Tutorial Archives - Page 5 of 6 - ArangoDB

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Analyzing Git commits with ArangoDB

00API, Query LanguageTags:

I often find myself searching for certain commits using git log and friends. While I really love the power and flexibility that come with the git and other Unix command-line tools, sometimes it can be more convenient to use a database to filter and aggregate commit data.

I gave it a quick try yesterday and imported the commit history of ArangoDB’s Git repository into ArangoDB and ran some queries on the data.

While the query results for our repository may not be interesting for everyone, I think it is still worth sharing what I did. Even though I didn’t try it, I think the overall procedure is applicable with any other Git repository.

More queries and how to convert and import Git commits in ArangoDB: Read on in Jan’s Blog

Running ArangoDB is as simple as …

07GeneralTags:

I’ve created an automated build repository on docker, so that you can easily start a docker container with the latest stable release. If you miss anything in the container, please let me know. Thanks to frodenas, hipertracker, joaodubas, webwurst who also created dockerfiles.

ArangoDB

A distributed open-source database with a flexible data model for documents, graphs, and key-values. Build high performance applications using a convenient sql-like query language or JavaScript extensions.

Start a ArangoDB instance

In order to start an ArangoDB instance run

By default ArangoDB listen on port 8529 for request and the image includes EXPOST 8529. If you link an application container, it is automatically available in the linked container. See the following examples. More info

Cookbook – Recipes to make with ArangoDB

09DocumentationTags: ,

It’s new – and just for you! With the new ArangoDB Cookbook we want to guide you thru various challenges that might arise in your daily business with NoSQL – and ArangoDB in particular.

You have a problem with or need an introduction to NoSQL data modeling / scaling ArangoDB / building Foxx apps / graph processing or something related to your favorite programming language? Then have a look if there’s a recipe match in the Cookbook!

Create your own recipes and help others in the ArangoDB community. We appreciate every participation that makes the cookbook a valuable source for ArangoDB users. Just write your problem description and solution in plain markdown and start a pull request on Github.

Need an example?

Lets assume you checked the foxx introduction on our website and now you want to build your own Foxx app, but you don’t know how to start.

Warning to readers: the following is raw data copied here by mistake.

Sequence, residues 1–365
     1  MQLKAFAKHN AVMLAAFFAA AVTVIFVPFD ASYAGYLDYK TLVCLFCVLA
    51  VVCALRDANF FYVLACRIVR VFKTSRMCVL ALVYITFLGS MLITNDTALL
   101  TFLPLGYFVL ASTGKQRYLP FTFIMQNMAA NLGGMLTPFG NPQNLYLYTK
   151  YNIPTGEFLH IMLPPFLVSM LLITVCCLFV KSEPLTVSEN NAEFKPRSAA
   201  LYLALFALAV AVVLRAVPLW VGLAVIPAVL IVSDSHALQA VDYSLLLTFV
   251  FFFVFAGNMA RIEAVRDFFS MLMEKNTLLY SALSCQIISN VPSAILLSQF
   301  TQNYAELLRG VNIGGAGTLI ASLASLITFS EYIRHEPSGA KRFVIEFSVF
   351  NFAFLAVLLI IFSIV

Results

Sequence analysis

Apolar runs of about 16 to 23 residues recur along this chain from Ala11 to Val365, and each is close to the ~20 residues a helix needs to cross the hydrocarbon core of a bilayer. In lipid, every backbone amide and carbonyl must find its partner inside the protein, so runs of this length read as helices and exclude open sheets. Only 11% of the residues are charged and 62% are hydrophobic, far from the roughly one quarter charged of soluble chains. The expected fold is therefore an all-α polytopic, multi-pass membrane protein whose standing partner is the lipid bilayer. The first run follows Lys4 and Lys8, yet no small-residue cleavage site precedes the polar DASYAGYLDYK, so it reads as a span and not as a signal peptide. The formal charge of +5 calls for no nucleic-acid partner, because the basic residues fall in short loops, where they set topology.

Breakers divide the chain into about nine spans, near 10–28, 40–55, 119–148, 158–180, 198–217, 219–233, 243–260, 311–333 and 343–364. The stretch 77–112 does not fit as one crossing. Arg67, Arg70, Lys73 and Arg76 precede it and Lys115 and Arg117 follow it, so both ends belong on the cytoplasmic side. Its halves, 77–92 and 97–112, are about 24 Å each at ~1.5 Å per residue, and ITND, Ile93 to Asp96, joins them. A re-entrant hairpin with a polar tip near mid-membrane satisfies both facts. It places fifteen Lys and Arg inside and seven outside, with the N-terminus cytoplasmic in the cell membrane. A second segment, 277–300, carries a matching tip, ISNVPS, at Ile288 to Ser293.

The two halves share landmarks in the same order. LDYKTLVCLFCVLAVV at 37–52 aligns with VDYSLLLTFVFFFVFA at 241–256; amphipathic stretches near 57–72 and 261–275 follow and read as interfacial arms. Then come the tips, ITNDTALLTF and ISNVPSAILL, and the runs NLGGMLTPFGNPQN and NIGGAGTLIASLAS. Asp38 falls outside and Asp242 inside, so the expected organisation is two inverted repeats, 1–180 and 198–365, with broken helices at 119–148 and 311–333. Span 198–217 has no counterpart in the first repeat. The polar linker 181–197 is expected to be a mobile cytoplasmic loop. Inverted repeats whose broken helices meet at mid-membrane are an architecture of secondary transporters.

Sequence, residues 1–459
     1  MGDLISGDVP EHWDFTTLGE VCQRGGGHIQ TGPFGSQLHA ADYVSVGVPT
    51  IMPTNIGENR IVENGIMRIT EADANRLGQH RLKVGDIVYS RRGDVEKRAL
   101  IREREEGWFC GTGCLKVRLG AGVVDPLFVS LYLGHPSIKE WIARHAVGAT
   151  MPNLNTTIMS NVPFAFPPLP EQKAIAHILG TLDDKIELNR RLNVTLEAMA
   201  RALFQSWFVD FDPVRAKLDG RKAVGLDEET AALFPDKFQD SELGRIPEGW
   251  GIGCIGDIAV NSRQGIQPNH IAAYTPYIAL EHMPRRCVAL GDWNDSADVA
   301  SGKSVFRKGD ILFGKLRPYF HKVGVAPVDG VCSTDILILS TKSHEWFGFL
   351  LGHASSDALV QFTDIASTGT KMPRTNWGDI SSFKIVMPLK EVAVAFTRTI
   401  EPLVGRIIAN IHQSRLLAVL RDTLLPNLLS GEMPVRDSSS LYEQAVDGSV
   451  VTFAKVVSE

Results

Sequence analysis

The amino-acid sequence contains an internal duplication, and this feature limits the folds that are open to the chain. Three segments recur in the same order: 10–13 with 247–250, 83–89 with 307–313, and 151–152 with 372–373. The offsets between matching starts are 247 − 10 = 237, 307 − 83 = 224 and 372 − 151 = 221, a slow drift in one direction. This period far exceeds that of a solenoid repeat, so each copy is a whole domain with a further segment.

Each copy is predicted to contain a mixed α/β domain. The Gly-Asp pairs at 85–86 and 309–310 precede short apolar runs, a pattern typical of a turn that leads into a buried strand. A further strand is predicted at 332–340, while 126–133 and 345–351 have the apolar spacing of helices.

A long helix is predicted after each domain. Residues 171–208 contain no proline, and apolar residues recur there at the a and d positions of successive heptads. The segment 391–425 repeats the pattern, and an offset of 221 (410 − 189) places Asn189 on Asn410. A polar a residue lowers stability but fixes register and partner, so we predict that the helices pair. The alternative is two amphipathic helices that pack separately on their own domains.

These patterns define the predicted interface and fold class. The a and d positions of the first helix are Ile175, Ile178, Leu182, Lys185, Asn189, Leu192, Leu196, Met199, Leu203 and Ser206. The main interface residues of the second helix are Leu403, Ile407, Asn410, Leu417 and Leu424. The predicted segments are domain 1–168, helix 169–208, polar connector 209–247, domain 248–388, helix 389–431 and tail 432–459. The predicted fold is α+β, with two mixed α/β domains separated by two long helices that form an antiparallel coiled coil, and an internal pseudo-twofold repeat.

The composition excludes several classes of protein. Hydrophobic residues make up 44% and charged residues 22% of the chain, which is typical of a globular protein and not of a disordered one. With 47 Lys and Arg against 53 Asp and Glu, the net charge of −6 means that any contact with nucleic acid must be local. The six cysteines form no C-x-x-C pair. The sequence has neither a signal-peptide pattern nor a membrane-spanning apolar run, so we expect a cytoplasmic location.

More info

Arangodb Java Driver and Graphs – Part 2

03Graphs, Java, Query LanguageTags: , , ,

After defining a graph and filling it with some vertices and edges (see part 1), the time has come to retrieve information out of the graph.

Please take a look at the defined graph operations of ArangoDB. These will be the base for our next examples. (Yes, there may be other ways to get the results, this post does not claim completeness!)

We will start with some easy stuff and then smoothly advance in complexity.

Question: “How many edges are defined within the graph?”

More info

Arangodb Java Driver and Graphs – Part 1

00Graphs, JavaTags: , , ,

With ArangoDB 2.2 the new graph API was released featuring multi collection graphs (see blog). With the new version (2.2.1) of arangodb-java-driver the new graph API is supported. In the following you can find a small example of creating a graph with Java.

For the import via maven and configuring the driver, please read the Basics and Driver Setup. For the following we assume, that arangodbDriver is a configured instance of the driver.

So let’s start the whole thing…

More info

How to use the ArangoDB Java Driver in batch and asynchronous mode?

01General, JavaTags: , ,

The current arangodb-java-driver supports the usage of ArangoDB’s batch and asynchronous interface. This post will guide you through the usage of these features.

The batch interface

The batch interface enables the user to stack a series of calls and execute them in a batch request. Each stacked request returns a request id that can be used to retrieve the single results from the batch response. So how do you use this feature in the java driver ?

First we create an instance of the java driver:

More info

How to Set Up Bash Completion for ArangoDB

00General, LinuxTags:

I was interested in how bash auto-completion works and how to write a custom completer. After about an hour of work, I came up with a solution that at least seems to work on Ubuntu. I now have auto-completion for ArangoDB and all its client tools!

The problem

I use the command-line for almost everything, including starting and stopping ArangoDB and its client tools. They provide lots of options which I cannot completely memorize.

The bash solution for “I don’t know what I am looking for” is to press the TAB key. This will bring up a list of suggestions for how to complete the currently entered word. I thought using the same thing for ArangoDB’s command-line options would be nice, too.

Read more on Jan’s Blog

How to Compile ArangoDB From Source

00C++, LinuxTags:

Though we provide a lot of pre-built packages for the stable versions of ArangoDB here, it is often more interesting to play with the bleeding edge development version. New ArangoDB features are normally added to the devel branch, where they can be tested, documented and improved. When a feature matures, it is either backported to a stable branch or will eventually be released when the next stable branch is forked from devel.

Contributing to the core of ArangoDB is also much easier with a ready-to-go devel version. This post explains how to set one up from scratch.

Read more on Jan’s Blog